In a significant development in the world of higher education, the University Grants Commission (UGC) has unveiled new regulations that permit foreign universities, ranked among the world’s top 500, to establish branch campuses in India. These regulations empower these foreign institutions to shape their admission procedures, and fee structures, and facilitate fund repatriation to their parent campuses.
Under these groundbreaking rules, two or more foreign universities can join forces to establish campuses in India, provided each institution independently meets the eligibility criteria. Furthermore, each foreign university is granted the opportunity to establish multiple campuses within the country. It’s worth noting that they must submit a separate application to the commission for each proposed campus.
These guidelines come after nearly 10 months of public feedback and have undergone significant revisions based on input received. One key change is the requirement for international faculty appointed to teach at Indian campuses to stay in the country for at least one semester. Additionally, the processing time for applications by the standing committee has been extended from 45 to 60 days, with recommendations presented to the UGC within the same timeframe.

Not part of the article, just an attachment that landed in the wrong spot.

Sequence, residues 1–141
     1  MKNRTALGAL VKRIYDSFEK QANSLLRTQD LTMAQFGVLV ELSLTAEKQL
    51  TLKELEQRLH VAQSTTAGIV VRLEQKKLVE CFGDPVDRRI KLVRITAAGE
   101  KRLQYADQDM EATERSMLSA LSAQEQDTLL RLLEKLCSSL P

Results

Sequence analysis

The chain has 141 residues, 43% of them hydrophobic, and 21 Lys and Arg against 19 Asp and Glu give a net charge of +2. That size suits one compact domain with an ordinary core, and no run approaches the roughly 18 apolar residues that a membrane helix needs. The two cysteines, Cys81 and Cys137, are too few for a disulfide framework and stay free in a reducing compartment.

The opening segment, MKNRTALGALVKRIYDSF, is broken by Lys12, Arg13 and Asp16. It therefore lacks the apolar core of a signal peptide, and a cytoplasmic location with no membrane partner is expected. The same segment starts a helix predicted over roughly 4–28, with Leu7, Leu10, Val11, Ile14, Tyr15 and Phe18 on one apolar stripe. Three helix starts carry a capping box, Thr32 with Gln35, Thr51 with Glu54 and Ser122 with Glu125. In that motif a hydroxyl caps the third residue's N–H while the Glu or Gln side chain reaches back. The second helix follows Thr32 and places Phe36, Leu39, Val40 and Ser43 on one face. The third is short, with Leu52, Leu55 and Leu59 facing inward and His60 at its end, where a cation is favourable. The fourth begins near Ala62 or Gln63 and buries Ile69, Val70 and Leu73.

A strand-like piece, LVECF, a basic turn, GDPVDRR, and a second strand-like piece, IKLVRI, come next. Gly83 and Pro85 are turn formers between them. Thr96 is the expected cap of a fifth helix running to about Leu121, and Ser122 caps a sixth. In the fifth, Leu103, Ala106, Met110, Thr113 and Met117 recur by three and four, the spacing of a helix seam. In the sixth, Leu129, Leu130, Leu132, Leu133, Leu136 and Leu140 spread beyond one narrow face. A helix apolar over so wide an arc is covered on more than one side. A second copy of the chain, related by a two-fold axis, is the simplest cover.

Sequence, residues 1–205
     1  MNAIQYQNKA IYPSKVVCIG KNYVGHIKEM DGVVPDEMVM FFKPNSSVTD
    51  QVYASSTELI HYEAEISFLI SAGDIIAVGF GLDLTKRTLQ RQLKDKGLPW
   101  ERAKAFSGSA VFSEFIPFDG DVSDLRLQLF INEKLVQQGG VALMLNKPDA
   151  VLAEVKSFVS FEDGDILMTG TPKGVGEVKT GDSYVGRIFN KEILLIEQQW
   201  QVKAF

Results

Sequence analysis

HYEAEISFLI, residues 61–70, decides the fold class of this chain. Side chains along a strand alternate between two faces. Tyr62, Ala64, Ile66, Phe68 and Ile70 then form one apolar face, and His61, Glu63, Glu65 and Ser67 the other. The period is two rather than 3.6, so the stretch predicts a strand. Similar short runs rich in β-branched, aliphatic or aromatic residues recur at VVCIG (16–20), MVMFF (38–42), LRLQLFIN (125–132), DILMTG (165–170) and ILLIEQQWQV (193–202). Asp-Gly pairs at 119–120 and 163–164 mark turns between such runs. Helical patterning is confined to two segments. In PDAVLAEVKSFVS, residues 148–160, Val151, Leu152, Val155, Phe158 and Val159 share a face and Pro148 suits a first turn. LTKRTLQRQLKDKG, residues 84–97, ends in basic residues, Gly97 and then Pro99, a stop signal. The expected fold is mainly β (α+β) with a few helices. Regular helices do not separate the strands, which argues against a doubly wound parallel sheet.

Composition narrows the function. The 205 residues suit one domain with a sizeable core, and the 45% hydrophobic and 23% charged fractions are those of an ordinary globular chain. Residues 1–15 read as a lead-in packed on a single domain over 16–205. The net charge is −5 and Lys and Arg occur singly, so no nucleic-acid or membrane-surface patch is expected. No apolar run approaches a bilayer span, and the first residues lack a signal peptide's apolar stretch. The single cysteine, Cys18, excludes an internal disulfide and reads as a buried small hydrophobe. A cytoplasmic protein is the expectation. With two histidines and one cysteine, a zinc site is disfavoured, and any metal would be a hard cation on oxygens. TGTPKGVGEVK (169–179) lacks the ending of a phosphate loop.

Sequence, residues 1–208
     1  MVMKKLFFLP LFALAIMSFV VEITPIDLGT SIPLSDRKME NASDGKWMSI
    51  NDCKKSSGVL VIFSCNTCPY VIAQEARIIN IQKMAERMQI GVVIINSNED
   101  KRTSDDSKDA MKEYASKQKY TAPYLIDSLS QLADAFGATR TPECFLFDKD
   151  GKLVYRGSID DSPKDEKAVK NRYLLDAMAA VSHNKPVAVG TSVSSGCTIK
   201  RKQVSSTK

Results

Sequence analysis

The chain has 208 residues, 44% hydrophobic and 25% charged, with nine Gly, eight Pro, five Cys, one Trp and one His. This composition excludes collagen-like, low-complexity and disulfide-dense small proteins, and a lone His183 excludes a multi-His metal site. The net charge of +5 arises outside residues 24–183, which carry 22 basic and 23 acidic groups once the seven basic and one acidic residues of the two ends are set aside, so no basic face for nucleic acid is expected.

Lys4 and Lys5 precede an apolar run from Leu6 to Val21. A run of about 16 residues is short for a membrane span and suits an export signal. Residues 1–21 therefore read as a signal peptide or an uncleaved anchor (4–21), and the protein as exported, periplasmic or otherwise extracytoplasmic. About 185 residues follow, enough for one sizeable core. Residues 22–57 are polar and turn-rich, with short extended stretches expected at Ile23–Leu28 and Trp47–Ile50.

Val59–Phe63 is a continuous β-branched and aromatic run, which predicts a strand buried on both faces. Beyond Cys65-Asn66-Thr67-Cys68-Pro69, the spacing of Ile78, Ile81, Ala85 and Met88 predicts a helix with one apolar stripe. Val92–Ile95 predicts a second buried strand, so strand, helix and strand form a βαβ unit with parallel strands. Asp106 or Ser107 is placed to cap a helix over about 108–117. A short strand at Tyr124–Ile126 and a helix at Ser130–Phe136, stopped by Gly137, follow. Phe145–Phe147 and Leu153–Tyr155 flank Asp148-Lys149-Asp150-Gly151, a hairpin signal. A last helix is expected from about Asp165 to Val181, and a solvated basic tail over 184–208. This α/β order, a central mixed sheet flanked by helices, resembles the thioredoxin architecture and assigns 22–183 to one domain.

The regulations also clarify that foreign universities cannot establish learning centers, study centers, or representative offices to promote their programs outside India without prior approval from the commission. While online programs and Open and Distance Learning modes are not permitted under these regulations, limited online lectures, not exceeding 10% of the program requirements, are allowed.
Foreign institutions are exempt from paying annual fees to the UGC, with only a one-time application fee required. They are responsible for setting up their campuses using their own infrastructure, land, physical resources, and human resources. In a move aligned with the National Education Policy 2020, these foreign universities may also offer full or partial merit-based and need-based scholarships, along with fee concessions to Indian students.
It’s important to note that this development aligns with the vision outlined in the National Education Policy 2020, which seeks to create a legislative framework allowing top global universities to operate within India. While previous attempts to achieve this, including efforts by the UPA government, faced opposition, the UGC’s latest regulations mark a significant step forward in realizing this vision.